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    1. (I actually saw someone on a message board refer to the "single-payer public option.")

      This confusion was absolutely epidemic at Democraticunderground.com, so much so that I began to think it was deliberate conflation, and not accidental confusion.

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  10. At this point it seems reasonable to me that having passed the Affordable Care Act, Democrats want to see how it works. After it's fully implemented awhile would seem the time to judge what it needs. It does seem to be an Obama campaign theme to not relitigate that debate but move...forward.

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  11. What Kylopod said. My take is that liberals really wanted all along was single-payer. Public option became a kinda sorta mini-single-payer, and thus briefly took on a huge symbolic significance.

    But those particular circumstances and symbolism no longer apply. The choice is now between retaining ACA and the GOP goal of returning to sauve qui peut. The public option no longer has any rallying significance, which means it has no significance at all.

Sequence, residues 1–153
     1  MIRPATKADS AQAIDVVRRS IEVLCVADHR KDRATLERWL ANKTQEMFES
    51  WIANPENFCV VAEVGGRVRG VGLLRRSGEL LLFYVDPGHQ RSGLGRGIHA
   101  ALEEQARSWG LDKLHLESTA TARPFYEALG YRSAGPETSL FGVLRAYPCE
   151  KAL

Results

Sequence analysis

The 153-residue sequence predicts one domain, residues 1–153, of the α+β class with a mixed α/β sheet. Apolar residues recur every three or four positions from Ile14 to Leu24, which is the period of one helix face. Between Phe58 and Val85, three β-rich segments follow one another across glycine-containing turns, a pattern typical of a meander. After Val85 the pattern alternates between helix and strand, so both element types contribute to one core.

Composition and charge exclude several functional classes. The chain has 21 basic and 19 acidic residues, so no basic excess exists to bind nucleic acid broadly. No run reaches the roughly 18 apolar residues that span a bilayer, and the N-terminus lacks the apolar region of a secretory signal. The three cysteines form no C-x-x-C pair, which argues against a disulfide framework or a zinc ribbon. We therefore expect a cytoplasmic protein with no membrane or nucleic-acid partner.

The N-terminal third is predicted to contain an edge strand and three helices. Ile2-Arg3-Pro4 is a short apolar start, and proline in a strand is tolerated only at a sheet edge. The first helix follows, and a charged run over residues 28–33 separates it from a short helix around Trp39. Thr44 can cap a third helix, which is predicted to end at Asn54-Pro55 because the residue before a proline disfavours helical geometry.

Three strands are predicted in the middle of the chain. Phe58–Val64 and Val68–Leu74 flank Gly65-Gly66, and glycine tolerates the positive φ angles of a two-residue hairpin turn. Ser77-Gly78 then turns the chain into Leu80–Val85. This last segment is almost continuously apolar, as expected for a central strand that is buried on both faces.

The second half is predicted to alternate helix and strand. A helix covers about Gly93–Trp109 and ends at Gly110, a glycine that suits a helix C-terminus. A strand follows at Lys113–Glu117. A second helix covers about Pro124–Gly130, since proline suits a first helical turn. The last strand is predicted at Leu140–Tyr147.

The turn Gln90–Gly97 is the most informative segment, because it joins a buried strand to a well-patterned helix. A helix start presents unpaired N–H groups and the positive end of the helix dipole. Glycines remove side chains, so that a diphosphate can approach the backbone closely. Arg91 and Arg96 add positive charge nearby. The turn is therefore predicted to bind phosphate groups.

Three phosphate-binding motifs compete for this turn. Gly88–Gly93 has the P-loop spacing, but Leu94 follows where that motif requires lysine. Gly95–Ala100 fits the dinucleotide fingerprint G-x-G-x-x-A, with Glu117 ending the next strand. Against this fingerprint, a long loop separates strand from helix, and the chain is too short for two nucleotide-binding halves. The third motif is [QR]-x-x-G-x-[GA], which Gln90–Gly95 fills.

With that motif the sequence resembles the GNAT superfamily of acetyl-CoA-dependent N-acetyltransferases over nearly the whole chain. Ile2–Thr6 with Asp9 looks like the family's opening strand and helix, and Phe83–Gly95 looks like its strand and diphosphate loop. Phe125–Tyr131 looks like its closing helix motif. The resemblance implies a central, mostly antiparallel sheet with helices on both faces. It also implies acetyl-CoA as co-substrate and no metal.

ACA itself remains an 'art of the possible' kludge. I'd guess that most liberals hope - perhaps even anticipate - that a combination of broad public support for universal health care, once it is in place, and the kludginess of ACA, will eventually build pressure for a shift toward single payer.

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  12. Maybe the public option was a feint all along. Threaten the insurance companies with the possibility that they would have to compete with a state-run non-profit insurance group, and then let Lieberman kill it. It gives the insurance companies a small victory, of sorts.

    All along, Obama and the Democrats would know that a lot of blue Northeastern states would ask for the exemption to try a public option out. They would be sure to get it.